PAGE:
vin. Cumberland county, who was sen
tenced to 15 years for burglary, at the
November term, 1915.
Protests From South.
Washington. (Special.) Many pro
tests are coming from the south about
the restrictions on the use of coal and
wood in factories and stores.
Senator Overman was told by the
fuel administration that stores could
keep open as long as they liked if they
do not use fuel. Senator Simmons is
working to have the order prohibiting
the use of wood rescinded.
Recruits for Army.
Eleven men have been accepted for
army service at the army recruiting
station here last week. They were
Harry A. Moore and Frank Campbell,
Charlotte; Robert Butler, ' Hamlet;
William O. Harrison, Ashland, Ga.;
Joe Runion, Lancaster, S. C; Joseph
Tidwell, Camden, S. C; John Powell,
Lexington; Zeb V. Sanders, Whitney;
Herman W. Brown, Gastonia; James
R. Carroll, Gastonia; William W.
Fortune for Confeds.
From the office of the state auditor
the sum of approximately $325,000 will
be paid on December 15 to Confeder
ate pensioners, who draw from $30 to
Everett Baker, of the auditor's office
said that in 1905 there were around 5,
000 Confederate pensioners in North
Carolina. The nunfber then grew to
17,000 but has dwindled down now to
12,000. In a few more years there
will be no more of them.
Houston Talks to Elks.
"Harry R. Houston of Hampton,
speaker of the Virginia house of dele
gates, delivered the annual Elks me
morial day address here before a large
audience at the Academy of Music'
His subject was "The Songs of the
Elks," referring to "Auld Lang Syne"
from which the members of the order
derive their memories of past asso
ciations with their departed brethren;
"The Star Spangled Banner," by
which they are taught patriotism,
and "Nearer My" God to Thee," which
teaches that true religion lies in the
worship of the one and only God.
Convention of Fair Secretaries.
Col. Joseph E. Pogue, secretary of
the State Fair, has just returned from
Chicago, where he attended a meeting
of-the American Association of Fairs
and Expositions. The convention was
attended by about seventy-five secre
taries of American and Canadian fairs.
This is the first year the North Caro
lina Fair has been lined up with the
general association. While in Chicago
Colonel Pogue' visited his son, Joseph
E. Pogue, Jr., who is technical adviser
to the Sinclair Oil Refining Company.
Few People Idle. ,
- So far as Industrial strife is con
cerned North Carolina has the clean
est record of any state In the union,
according to James F. Barrett, noted
labor leader. -
There are now fewer than 100 peo
ple in the state idle on account of
labor disputes, Mr. Barrett said, A-
Mr. Barrett declared further that It
was the Intention of the State Federa
tion of Labor to maintain this record
and reduce Industrial disputes throurh.
out Nortlr Carolina to a mint num.
SUIT TO RECOVER
ALLEGATION MADE THAT CITY
OWES SCHOOL BOARD THE
SUM OF $10,000.00.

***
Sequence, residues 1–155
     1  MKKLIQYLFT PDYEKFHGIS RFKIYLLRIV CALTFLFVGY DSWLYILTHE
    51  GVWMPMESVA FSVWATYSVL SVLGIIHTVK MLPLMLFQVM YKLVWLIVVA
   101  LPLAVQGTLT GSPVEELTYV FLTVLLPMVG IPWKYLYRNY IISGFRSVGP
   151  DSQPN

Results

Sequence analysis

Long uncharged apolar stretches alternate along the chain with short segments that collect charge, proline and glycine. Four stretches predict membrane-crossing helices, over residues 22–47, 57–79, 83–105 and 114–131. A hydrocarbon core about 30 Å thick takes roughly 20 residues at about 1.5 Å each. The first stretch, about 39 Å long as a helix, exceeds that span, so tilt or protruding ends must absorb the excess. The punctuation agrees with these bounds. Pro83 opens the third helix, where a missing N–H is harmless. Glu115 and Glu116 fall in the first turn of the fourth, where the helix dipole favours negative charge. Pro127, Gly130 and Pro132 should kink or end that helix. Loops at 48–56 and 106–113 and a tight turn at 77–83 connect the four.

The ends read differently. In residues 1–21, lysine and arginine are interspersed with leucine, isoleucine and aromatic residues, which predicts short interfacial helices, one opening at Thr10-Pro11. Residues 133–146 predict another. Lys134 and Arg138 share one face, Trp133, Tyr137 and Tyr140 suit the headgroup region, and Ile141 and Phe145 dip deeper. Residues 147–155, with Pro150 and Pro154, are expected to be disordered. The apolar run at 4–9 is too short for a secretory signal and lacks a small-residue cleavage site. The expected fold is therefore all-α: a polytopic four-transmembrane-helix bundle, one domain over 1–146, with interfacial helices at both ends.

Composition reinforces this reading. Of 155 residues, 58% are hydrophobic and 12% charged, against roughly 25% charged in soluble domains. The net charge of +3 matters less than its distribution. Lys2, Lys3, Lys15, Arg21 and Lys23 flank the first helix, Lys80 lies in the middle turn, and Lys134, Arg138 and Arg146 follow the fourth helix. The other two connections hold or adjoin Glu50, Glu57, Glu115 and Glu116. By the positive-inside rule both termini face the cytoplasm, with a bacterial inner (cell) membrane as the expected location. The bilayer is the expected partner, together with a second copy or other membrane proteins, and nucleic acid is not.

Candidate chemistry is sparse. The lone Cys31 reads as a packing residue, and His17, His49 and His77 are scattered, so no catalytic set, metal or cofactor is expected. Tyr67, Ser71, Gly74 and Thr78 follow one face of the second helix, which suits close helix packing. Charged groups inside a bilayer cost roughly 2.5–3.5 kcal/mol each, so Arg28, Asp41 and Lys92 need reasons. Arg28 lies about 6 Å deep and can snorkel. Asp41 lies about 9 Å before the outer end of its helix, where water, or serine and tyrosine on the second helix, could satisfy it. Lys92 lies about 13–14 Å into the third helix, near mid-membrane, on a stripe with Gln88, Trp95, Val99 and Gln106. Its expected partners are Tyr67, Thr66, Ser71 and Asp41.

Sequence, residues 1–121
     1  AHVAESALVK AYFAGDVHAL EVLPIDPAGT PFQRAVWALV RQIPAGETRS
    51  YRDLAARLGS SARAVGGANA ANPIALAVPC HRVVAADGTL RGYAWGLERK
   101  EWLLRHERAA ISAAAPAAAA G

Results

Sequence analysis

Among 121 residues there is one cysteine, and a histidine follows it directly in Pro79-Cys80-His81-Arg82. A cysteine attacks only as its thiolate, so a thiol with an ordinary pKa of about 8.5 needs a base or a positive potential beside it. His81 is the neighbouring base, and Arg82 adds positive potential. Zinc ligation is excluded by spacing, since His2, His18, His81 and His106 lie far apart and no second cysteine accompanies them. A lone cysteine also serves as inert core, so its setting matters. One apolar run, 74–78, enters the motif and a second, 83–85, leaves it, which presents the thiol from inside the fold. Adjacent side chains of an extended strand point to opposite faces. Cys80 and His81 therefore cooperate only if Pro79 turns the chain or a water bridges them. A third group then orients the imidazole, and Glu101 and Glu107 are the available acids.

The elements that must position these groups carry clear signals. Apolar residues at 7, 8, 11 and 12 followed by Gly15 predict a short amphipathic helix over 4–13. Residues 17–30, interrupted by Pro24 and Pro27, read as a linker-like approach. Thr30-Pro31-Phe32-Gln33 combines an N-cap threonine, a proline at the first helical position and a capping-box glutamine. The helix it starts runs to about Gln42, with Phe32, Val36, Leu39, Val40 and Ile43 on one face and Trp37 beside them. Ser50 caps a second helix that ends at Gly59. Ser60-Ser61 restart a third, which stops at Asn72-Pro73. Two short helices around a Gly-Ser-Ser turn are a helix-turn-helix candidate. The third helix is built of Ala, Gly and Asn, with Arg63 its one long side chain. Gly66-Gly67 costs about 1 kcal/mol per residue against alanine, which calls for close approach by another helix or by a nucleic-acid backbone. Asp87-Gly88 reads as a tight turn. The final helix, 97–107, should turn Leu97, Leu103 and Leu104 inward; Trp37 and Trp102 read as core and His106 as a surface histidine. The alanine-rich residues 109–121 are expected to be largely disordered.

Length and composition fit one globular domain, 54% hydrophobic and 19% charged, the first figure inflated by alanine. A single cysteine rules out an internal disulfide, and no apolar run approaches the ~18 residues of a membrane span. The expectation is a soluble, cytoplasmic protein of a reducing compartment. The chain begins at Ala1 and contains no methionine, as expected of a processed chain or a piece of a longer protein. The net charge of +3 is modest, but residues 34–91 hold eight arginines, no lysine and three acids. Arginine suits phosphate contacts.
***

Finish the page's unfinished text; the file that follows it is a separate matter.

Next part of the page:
WILL GREATLY AID SCHOOLS
City and County 8chools Would Share
Equally Should Decision of Case
Be in Favor of the Plaintiffs.
Charlotte. Alleging that $10,000 In
recorder's, court fines and forfeitures,
collected by the city through its agent,
Harvey M. Alexander, former police
captain, and others, has not been turn
ed over to the county school board,,
the board filed papers in a suit against
the city to collect the money.
Plnmmer Stewart and John A. Mc
Rae represent the board of education.
The city itself will share equally in
the proceedings of the $10,000, if a
decision is rendered for the plaintiffs,
as the fines and forfeitures are divid
ed between city and county each Jan
uary on the basis of a school census
of .city and county taken during the
summer holiday period.
The plaintiff prays judgment against
hte city for the amount due, as set
forth in three causes of action, and
that an audit of the books be made in
order .to determine said sums; and
that the city be taxed with the costs
in the action.
Kinston. Lenoir county will lead
the state in the value per acre of farm
lands with the completion of the tax
revaluation, Will D. Hood, county su
pervisor, predicts. .
Rutherfordton. M. L. Justice has
been selected mayor by the town coun
cil to fill the unexpired term of Mayor
R. R. Simmons.
Salisbury. The new military com
pany authorized for Salisbury has
been organized by the election of of
ficers, Captain Charles Shaver being
Dr. John G. Black, former president
of the state medical board and one of
the state's most prominent physicians,
died at his home as a result of appo
plexy. ' Ashevllle. Buncombe county school
will observe Aycock day with North
Carolina day and Arbor day on No
vember 19, at which time a collection
will be taken up among the pupils
toward the Ayeock memorial.
Concord. The ministers of the cen
tral district of the North Carolina
classes of the Reformed church met
In Concord and effected a ministerial
organization which is to meet bi
monthly. Morganton. When the supply of
coal ran out, A. M. Kistler, owner of
the big tannery here, called each of
his employes Into his office and in
formed him that he would be kept on
the payroll during the time the
plant was closed down. -
Chapel Hill. President Chase, of